I’ve thought about that quote a lot in the months since the anniversary, and I thought about it yesterday, when the video we created won a National Edward R. Murrow award for video feature reporting. As someone who started her career at CBS News, this is like receiving an award named after..well, Ed Murrow.
The award is a tribute to everyone at Yahoo! who worked so hard on the 9/11 series; not just the people who filmed the videos, but the ones who set aside the budget, guided the process, defined the style, licensed the images, forked over their corporate credit cards to buy those images, did the invisible work of moving the video from hard drive to web; those who painstakingly edited our scripts and gave good notes on the rough cuts, and those who gently reminded us that we did, indeed, have to stop editing, and publish. And that’s just the video side—I’m still in awe of the stunning 9/11 profiles page, so beautifully animated with purpose and life and filled with words and images from incredibly talented writers.
The Murrow Award is also a tribute to the Williams family: their honesty and generosity in sharing their journey shines through every frame of footage. I often tell people that the best videos are ones where you can see a small piece of the soul of the people who created it, but in this case the soul that shines through the clearest is Kevin’s, and that is a wonderful thing.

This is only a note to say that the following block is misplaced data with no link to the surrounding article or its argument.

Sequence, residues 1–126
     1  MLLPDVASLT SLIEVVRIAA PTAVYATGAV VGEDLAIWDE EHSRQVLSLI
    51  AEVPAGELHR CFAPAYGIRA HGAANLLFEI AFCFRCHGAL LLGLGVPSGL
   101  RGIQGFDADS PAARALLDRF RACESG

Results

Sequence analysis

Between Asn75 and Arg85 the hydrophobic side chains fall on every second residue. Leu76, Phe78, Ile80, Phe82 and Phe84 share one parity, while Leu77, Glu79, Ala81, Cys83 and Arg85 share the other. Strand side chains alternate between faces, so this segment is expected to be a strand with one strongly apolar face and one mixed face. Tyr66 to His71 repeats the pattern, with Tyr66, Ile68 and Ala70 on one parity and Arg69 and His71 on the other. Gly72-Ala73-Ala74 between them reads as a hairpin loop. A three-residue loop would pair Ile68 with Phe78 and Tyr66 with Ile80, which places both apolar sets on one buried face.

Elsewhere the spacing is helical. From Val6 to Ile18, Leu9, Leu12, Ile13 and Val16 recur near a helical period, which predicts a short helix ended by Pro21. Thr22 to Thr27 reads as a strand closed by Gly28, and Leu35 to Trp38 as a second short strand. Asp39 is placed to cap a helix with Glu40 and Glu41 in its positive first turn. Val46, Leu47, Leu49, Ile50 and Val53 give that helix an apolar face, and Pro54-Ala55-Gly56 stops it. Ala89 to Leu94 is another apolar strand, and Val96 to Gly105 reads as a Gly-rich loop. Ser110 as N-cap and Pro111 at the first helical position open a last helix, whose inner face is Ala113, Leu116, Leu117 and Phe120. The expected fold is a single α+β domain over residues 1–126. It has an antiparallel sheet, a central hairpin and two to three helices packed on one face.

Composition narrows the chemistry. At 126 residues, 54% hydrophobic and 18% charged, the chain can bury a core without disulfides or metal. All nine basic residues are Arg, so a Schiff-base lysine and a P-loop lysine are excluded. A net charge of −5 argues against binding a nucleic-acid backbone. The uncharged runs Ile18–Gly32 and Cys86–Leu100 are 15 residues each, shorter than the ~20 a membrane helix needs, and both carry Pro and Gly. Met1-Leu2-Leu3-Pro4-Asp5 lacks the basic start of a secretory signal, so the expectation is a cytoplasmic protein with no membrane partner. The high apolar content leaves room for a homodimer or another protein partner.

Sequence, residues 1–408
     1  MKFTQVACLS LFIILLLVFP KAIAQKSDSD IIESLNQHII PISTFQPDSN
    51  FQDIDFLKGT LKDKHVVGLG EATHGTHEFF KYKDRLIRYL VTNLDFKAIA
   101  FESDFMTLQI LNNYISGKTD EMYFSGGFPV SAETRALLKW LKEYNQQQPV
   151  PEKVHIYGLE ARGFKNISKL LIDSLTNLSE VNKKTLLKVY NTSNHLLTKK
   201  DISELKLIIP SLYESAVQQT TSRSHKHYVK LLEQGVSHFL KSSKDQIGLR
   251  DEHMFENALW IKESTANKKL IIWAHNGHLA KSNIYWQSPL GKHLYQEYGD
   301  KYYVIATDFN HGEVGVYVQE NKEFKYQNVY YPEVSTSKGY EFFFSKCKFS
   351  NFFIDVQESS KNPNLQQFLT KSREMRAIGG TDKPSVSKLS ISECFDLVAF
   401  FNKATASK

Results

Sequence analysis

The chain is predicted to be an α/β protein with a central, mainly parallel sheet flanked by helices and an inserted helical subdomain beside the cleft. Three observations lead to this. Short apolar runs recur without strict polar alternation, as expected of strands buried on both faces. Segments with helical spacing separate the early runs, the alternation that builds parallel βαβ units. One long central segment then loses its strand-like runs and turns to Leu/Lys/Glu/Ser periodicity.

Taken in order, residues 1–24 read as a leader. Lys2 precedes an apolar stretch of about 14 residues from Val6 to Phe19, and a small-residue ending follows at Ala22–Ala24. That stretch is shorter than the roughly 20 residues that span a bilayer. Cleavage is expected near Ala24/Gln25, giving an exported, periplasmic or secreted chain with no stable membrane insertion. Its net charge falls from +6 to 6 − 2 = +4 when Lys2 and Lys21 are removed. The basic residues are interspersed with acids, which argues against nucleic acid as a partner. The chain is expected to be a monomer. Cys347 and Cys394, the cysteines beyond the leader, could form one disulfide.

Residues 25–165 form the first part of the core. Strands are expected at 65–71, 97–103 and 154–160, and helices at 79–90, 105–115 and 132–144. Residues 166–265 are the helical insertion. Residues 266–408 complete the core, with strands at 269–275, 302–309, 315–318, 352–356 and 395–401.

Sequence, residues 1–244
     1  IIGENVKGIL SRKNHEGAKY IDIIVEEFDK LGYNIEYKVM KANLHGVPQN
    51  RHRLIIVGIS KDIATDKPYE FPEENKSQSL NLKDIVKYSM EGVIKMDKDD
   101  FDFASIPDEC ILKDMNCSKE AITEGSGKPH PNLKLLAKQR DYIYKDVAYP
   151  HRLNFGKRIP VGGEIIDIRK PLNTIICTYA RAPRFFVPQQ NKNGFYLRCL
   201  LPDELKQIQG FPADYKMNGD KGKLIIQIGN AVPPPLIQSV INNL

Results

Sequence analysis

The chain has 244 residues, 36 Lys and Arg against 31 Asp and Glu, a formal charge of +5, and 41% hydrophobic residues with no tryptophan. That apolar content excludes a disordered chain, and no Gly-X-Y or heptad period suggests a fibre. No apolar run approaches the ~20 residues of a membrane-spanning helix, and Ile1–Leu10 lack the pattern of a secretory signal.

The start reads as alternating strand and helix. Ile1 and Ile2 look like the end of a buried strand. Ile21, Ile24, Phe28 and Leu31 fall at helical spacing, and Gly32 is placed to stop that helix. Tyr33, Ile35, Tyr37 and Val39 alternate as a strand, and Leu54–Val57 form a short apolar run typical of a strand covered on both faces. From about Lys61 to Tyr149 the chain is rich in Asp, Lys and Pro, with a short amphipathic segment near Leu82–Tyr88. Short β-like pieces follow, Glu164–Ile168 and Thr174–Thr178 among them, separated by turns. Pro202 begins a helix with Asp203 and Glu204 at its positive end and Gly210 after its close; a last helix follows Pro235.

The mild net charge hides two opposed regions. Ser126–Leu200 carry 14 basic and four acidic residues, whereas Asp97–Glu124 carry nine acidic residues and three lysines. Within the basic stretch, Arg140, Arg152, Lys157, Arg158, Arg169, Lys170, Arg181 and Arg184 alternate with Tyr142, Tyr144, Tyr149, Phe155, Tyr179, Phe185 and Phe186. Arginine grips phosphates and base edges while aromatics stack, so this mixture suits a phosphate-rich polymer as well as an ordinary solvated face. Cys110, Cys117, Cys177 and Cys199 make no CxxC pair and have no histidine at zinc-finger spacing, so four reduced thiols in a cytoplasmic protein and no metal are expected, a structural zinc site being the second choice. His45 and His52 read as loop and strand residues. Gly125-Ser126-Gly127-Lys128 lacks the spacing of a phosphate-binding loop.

Everyone who worked on the 9/11 series has a story like this. And while we’ve all moved on to other work, good work, these stories have stayed with us, prompting our bosses to remind us again that “not everything you do is going to be like the 9/11 series.”
In the end, they’re still right. Not everything we do can be like the best thing we’ve ever done. But every now and then, I hope we can try. I hope we can produce more videos where the only goal is to tell stories because they should be told. The stories are out there, and the talent to tell them is here, and ready.
We could even put some ads in front of it.
Jennie Josephson works on the video programming team at Yahoo! and is a proud Yahoo! Studios alumna.